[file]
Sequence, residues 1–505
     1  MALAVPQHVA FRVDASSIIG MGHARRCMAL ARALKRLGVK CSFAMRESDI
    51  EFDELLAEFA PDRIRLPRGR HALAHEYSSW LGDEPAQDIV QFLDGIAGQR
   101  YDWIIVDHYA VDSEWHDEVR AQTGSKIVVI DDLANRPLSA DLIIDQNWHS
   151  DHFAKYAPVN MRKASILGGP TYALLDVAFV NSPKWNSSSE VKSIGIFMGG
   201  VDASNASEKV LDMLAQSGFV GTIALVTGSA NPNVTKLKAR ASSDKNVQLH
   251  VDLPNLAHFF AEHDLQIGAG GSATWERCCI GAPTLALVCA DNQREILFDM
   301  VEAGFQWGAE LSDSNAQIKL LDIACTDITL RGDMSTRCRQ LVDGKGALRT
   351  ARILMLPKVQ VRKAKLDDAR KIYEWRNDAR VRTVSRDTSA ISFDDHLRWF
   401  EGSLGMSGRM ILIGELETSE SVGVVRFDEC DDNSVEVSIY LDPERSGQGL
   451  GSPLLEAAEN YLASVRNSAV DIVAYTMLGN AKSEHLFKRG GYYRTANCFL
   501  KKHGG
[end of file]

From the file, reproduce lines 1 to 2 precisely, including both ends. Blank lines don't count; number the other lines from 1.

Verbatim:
Sequence, residues 1–505
     1  MALAVPQHVA FRVDASSIIG MGHARRCMAL ARALKRLGVK CSFAMRESDI